Two things you should know about volunteering in America: Americans are doing it in growing numbers and it could have an impact on the jobless rate.
In a 2010 report — the last year for which numbers are available — the Corporation for National and Community Service (CNCS) found that 63.4 million adult Americans — nearly 27 percent of the population — volunteered to help charitable causes the previous year. That’s an increase from 2008 of roughly 1.6 million volunteers, the largest single-year jump since 2003.
That same report drew some interesting comparisons between the economy and regional volunteer rates. For instance, the five cities with the highest foreclosure rates in 2009 — Las Vegas; Riverside, Calif.; Miami; and Orlando, Fla. — ranked in the bottom 10 in volunteer rates among large cities. And states with higher unemployment rates —Michigan and Nevada — had much lower rates of volunteering at 28.3 and 20.9 percent respectively.
(Pennsylvania, by the way, ranked 28 in that report with 27.4 percent of its residents volunteering, while neighboring West Virginia came in at 35 with a 25.4 percent volunteer rate.)
As CNCS points out, states with high rates of unemployment usually have low volunteer rates.
In addition, a 2011 report from by the National Conference on Citizenship (NCoC) found that states with higher levels of “civic engagement” are more resilient in a recession.
Of states with the highest rates of volunteering, the report found, Alaska, Iowa, Kansas, Minnesota and South Dakota had the smallest increase in unemployment between 2006 and 2010. Of the states with the lowest rates of volunteering, Alabama, California, Florida, Nevada and Rhode Island had the highest increase in unemployment.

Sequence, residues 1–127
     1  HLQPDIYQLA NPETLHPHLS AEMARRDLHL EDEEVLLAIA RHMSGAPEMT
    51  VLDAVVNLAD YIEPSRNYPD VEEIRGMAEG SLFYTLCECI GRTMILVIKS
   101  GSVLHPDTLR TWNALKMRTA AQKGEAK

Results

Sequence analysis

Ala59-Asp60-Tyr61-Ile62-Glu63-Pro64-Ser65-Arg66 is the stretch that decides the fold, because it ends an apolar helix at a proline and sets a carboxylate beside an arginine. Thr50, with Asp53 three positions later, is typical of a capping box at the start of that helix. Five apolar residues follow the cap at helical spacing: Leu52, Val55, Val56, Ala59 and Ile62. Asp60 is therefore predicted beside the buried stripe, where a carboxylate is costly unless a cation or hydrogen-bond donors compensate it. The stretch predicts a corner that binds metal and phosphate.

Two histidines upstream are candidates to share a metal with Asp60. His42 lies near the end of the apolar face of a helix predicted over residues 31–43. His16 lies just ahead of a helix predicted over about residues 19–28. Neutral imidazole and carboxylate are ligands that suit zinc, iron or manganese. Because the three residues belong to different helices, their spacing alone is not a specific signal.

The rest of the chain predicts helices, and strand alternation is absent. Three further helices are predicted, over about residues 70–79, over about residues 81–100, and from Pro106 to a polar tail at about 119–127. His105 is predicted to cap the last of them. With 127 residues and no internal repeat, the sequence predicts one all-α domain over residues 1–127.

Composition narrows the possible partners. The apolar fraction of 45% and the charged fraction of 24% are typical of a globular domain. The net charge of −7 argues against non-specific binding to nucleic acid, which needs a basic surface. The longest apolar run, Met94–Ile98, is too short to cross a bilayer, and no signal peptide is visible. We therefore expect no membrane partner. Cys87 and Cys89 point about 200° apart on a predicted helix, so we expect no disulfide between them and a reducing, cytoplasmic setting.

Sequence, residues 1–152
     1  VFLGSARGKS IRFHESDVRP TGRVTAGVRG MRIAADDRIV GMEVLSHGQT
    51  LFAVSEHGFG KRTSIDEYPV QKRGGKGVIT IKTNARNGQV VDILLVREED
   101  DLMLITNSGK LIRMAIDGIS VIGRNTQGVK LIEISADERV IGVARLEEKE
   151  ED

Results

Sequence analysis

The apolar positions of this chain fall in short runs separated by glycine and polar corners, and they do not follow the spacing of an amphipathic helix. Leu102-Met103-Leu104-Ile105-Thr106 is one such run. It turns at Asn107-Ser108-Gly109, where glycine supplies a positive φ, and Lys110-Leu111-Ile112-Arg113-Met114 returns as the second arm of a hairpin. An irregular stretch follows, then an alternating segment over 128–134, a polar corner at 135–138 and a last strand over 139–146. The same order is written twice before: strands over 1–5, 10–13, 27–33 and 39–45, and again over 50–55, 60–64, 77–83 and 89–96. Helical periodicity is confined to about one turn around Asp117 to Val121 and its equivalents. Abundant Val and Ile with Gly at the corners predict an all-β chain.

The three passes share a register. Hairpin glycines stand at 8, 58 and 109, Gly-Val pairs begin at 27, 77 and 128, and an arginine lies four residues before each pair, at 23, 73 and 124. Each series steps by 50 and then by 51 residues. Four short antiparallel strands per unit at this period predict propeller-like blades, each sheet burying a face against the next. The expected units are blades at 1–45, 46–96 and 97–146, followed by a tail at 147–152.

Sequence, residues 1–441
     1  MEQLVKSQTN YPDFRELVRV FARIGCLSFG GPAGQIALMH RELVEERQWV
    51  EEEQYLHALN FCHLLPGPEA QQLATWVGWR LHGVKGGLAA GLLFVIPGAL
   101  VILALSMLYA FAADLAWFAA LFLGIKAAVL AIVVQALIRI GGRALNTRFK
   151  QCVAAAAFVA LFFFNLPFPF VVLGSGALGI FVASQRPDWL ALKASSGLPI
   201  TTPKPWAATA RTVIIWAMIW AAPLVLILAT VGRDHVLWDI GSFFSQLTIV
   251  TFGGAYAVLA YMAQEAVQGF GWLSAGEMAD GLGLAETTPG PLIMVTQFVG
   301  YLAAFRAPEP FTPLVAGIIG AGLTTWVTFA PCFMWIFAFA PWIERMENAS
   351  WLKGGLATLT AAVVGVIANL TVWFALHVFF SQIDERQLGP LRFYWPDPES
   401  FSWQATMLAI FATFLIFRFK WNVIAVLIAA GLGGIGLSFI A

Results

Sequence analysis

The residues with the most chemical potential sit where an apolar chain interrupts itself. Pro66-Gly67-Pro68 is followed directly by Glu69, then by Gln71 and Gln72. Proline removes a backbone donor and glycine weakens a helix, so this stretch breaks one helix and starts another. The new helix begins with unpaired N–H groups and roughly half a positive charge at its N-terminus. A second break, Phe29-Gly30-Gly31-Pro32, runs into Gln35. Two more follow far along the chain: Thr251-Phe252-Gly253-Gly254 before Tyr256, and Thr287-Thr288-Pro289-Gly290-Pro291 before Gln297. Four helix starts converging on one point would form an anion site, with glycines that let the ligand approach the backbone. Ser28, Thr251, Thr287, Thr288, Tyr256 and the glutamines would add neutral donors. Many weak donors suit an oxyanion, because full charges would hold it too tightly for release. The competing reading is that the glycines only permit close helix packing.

The report also measured the impact other factors had on volunteering — attending meetings, helping neighbors, registering to vote, volunteering and voting — but that unemployment finding struck us as significant.
“Civic engagement is more than a feel-good exercise or simply raking a neighbor’s yard,” NCoC Executive Director David B. Smith said at the time the report came out. “It is about human connection and building trust. These are the same traits that have made America a nation of innovators, driving the expansion of both economic and social capital.”
We think he’s on to something.
This week, the Jewish Federation of Greater Pittsburgh held its annual meeting “starring you,” as it said its promotion for the event. That was an appropriate slogan since the idea behind this year’s meeting was to shine the spotlight on community volunteers.
As is done every year, the Federation announced the names of volunteers of the year from each agency, organization and congregation. Those names will be printed in the Chronicle — as usual.
Well and good. Honoring those who step up and give their time for purely altruistic reasons is something this community should do. But the reports we quoted above lend a new urgency to their work while encouraging new faces to join them.
Volunteering is not only a good thing to do in and of itself, it could jumpstart a sputtering economy. It gets people out of their houses; it gives them productive tasks to complete; it provides them chances to meet and network with potential employers. It offers forums to showcase their talents.
That’s how you grease an economy.
If you already volunteer in Jewish Pittsburgh, thank you. If you don’t, please consider doing it. It’s not only a good thing to do, it could be a smart career investment.